PREPARING STUDENTS FOR SELF-DIRECTED LEARNING
Considerations for Implementing & Assessing Student Led Individually Create Courses (SLICCs) Part 1
The Student-Led Individually-Created Courses Learning Community (SLICCs LC) is a five-part series intended to introduce the model to interested instructors. Throughout the FLC, you'll be provided with resources, readings, tools and colleagues' experiences with implementing the SLICCs model. This LC is an extension of the work we've done through a LITE Grant "Evaluating a New Student-Centric Learning Approach: The Impact of SLICCS on Student Learning Outcomes".
Through this LC, we'll explore the SLICC model and how it could be adapted and implemented in the University of Waterloo context. During these sessions, you will be completing the SLICC’s FLC Workbook, which can be found here.
The following are resources that can further support and develop your understanding of reflective practices.
The following readings explore ways for students and instructors to develop, engage, and support feedback practices and feedback literacy:
- David Boud & Phillip Dawson (2021): What feedback literate teachers do: an empirically-derived competency framework, Assessment & Evaluation in Higher Education, DOI: 10.1080/02602938.2021.1910928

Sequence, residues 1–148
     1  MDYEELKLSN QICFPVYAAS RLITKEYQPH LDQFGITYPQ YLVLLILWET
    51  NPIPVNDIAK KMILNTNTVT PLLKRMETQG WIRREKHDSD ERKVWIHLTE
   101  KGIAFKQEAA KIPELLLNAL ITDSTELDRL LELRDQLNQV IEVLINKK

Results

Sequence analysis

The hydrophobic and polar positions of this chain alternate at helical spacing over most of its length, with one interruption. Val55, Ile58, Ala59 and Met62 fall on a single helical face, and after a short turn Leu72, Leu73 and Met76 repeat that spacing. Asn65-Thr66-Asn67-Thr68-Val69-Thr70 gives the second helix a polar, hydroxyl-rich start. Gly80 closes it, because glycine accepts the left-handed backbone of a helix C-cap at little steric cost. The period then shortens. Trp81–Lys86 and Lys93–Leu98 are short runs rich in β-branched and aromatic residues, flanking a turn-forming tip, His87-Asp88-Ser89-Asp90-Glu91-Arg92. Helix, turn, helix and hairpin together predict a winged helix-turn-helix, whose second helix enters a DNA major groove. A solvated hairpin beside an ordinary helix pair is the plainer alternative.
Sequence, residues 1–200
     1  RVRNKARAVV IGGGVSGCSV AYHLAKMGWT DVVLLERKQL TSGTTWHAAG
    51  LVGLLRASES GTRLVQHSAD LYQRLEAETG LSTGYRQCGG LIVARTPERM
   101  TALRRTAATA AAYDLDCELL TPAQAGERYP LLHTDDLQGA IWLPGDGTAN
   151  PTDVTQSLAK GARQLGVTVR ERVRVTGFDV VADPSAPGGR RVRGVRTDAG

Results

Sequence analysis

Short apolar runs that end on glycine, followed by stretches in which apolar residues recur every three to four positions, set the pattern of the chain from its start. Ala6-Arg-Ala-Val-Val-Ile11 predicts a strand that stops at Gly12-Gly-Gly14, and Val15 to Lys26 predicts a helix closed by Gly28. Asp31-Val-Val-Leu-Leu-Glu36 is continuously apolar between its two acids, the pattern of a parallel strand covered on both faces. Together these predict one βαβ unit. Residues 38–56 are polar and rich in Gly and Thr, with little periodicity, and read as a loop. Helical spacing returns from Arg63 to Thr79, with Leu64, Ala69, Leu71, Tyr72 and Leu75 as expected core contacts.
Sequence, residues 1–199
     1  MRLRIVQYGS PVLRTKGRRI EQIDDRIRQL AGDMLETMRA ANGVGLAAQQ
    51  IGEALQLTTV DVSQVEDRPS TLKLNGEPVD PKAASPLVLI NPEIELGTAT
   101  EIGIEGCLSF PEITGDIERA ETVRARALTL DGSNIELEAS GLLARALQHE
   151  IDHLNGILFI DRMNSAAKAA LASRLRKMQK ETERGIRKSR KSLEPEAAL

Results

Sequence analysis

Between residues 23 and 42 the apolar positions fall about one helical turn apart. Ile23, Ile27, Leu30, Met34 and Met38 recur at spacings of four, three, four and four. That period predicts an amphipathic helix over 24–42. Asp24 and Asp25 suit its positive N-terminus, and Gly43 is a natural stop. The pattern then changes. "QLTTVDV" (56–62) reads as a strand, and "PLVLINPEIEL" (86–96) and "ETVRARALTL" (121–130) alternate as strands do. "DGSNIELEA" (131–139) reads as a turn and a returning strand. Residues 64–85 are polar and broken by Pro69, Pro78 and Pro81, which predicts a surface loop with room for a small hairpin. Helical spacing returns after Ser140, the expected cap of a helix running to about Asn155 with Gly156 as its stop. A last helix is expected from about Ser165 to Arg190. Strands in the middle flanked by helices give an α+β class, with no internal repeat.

- Phillip Dawson, David Carless & Pamela Pui Wah Lee (2021) Authentic feedback: supporting learners to engage in disciplinary feedback practices, Assessment & Evaluation in Higher Education, 46:2, 286-296, DOI: 10.1080/02602938.2020.1769022
- Elizabeth Molloy, David Boud & Michael Henderson (2020) Developing a learning-centred framework for feedback literacy, Assessment & Evaluation in Higher Education, 45:4, 527-540, DOI: 10.1080/02602938.2019.1667955
- Michael Henderson, Michael Phillips, Tracii Ryan, David Boud, Phillip Dawson, Elizabeth Molloy & Paige Mahoney (2019) Conditions that enable effective feedback, Higher Education Research & Development, 38:7, 1401-1416, DOI: 10.1080/07294360.2019.1657807 See case studies of effective feedback.
- David Carless & David Boud (2018) The development of student feedback literacy: enabling uptake of feedback, Assessment & Evaluation in Higher Education, 43:8, 1315-1325, DOI: 10.1080/02602938.2018.1463354
Boyer, S. L., Edmondson, D. R., Artis, A. B., & Fleming, D. (2014). Self-directed learning: A tool for lifelong learning. Journal of Marketing Education, 36(1), 20-32.
Cremers, P. H., Wals, A. E., Wesselink, R., Nieveen, N., & Mulder, M. (2014). Self-directed lifelong learning in hybrid learning configurations. International Journal of Lifelong Education, 33(2), 207-232.
Dunlap, J. C., & Grabinger, S. (2003). Preparing students for lifelong learning: A review of instructional features and teaching methodologies. Performance Improvement Quarterly, 16(2), 6-25.
Hase, S. (2009). Heutagogy and e-learning in the workplace: Some challenges and opportunities. Impact: journal of applied research in workplace e-learning,1(1), 43-52.